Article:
sections A, B, and C below, of the most significant aspects of such 
statements.

A. Self-Regulatory Organization's Statement of the Purpose of, and 
Statutory Basis for, the Proposed Rule Change

1. Purpose
    For purposes of seeking NYSE Rule 98 exemptive relief, the NYSE is 
proposing to amend the Rule 98 Guidelines to allow NYSE Regulation \5\ 
to grant prospective specialist firms with a temporary exemption from 
section (b)(i) of such guidelines, which currently require a specialist 
member organization and its approved person be separate and distinct 
organizations. The Exchange has consistently interpreted this provision 
to require that the specialist and the approved person be in separate, 
registered broker-dealer organizations. Pursuant to the proposed rule 
change, while NYSE Regulation would be permitted to grant a temporary 
exemption from section (b)(i), specialist firms and their approved 
persons would still be required to comply with sections (b)(ii) through 
(b)(x) of the Rule 98 Guidelines and thus maintain the functional 
separation contemplated by the rule.
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    \5\ Rule 98(b) requires an approved person seeking a Rule 98 
exemption to obtain the prior written agreement of the Exchange. 
Pursuant to a Delegation Agreement, the Exchange has delegated to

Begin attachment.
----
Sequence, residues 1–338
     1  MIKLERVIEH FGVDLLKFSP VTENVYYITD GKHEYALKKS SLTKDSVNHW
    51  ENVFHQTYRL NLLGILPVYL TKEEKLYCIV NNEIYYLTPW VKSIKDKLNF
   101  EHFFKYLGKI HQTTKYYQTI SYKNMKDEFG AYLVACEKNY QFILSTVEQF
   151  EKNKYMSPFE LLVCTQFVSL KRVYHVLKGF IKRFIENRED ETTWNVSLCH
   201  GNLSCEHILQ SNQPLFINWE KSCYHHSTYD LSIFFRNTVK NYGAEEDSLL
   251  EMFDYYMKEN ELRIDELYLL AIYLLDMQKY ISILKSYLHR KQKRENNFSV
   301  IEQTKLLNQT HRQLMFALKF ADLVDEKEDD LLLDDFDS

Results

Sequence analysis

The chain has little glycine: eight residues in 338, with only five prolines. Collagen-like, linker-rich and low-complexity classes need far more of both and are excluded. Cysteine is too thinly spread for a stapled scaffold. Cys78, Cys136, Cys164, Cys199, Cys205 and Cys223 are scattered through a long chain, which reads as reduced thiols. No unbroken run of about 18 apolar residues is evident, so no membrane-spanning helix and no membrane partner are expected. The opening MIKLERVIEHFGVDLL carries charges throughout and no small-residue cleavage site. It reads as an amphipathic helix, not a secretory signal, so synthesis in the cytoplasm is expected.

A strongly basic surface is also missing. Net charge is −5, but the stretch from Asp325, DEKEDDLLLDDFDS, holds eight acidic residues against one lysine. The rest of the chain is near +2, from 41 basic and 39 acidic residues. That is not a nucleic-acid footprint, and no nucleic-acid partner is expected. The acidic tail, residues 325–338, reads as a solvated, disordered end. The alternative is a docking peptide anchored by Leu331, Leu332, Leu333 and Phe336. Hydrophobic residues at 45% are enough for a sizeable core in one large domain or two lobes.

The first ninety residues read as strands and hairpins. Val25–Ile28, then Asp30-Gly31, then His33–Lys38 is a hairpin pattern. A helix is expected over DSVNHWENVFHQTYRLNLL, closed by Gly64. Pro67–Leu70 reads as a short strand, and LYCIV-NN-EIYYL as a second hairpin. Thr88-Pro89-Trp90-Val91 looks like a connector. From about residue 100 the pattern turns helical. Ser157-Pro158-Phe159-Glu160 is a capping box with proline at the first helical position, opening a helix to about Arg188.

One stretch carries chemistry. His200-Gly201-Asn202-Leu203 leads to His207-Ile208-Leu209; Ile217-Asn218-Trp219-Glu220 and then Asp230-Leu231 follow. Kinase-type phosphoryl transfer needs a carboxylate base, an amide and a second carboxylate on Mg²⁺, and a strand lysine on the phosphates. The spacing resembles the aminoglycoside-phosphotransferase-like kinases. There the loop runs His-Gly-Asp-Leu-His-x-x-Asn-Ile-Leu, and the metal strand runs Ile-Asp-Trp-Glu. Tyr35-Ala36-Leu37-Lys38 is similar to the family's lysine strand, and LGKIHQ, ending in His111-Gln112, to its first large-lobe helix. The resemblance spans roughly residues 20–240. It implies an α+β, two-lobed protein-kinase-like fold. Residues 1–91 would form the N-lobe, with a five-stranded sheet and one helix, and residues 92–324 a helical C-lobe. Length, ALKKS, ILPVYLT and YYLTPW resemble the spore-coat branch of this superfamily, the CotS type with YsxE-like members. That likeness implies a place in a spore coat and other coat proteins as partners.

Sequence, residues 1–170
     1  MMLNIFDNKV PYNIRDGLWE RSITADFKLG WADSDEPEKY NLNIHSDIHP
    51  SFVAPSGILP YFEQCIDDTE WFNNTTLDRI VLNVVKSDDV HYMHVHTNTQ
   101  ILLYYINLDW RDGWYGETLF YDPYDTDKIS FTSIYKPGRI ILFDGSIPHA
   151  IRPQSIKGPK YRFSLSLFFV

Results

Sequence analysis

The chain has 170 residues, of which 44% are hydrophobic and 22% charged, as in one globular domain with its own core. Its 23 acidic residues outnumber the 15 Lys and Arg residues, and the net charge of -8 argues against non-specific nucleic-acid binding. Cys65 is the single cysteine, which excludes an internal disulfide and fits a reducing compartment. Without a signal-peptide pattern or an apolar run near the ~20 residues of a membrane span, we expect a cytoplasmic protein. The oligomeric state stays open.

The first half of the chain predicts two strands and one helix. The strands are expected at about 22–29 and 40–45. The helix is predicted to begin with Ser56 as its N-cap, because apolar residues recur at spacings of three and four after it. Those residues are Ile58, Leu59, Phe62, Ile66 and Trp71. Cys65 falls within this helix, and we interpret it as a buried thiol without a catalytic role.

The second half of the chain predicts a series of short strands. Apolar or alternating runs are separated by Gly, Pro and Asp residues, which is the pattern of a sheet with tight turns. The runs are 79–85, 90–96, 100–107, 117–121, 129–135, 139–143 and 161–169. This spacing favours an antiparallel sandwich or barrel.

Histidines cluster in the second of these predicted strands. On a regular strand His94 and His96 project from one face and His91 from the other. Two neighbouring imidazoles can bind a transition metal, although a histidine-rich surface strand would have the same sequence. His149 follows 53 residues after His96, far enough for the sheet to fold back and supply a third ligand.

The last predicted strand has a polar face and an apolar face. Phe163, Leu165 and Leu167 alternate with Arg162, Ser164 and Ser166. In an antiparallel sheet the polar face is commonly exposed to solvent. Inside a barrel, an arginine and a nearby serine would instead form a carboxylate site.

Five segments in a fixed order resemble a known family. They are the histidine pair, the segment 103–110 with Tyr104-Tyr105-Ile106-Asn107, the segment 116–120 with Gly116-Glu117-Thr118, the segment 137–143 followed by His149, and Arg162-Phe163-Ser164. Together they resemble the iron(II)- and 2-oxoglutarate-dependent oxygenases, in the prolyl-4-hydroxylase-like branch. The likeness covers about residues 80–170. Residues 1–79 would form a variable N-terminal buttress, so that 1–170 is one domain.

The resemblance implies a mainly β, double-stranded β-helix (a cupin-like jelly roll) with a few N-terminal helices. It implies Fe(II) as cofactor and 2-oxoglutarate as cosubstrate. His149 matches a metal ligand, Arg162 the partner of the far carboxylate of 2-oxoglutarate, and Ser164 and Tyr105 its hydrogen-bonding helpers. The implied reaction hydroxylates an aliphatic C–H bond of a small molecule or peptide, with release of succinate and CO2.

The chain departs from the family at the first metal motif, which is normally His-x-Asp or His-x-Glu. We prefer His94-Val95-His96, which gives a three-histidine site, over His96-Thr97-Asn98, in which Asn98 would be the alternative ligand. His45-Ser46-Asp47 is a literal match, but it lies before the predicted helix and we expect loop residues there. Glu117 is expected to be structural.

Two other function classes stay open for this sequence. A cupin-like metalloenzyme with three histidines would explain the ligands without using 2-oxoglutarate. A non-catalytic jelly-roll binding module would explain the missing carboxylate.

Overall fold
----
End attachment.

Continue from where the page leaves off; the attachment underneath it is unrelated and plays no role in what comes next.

NYSE Regulation the authority to review and approve such Rule 98 
exemption requests.
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    Recent changes among the specialist firms, including the recent 
decisions by Van der Moolen Specialists USA, LLC and SIG Specialists, 
Inc. to close their respective specialist businesses at the 
Exchange,\6\ have warranted the need for greater flexibility to permit 
new firms to qualify as specialist member organizations. NYSE Rule 98, 
which requires certain barriers between a specialist member 
organization and an approved person, has the potential to impede the 
approval process for a prospective specialist firm. In particular, 
because of the time delay necessary for an NYSE member organization to 
form a separate NYSE member organization from which to run a specialist 
business, the requirement to maintain a separate and distinct 
organization could impact the ability of a current member organization 
to expeditiously begin operating as a specialist organization.
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    \6\ See Press Release, NYSE, NYSE to Reallocate Certain 
Specialist Rights to Kellogg Specialist Group (Nov. 14, 2007),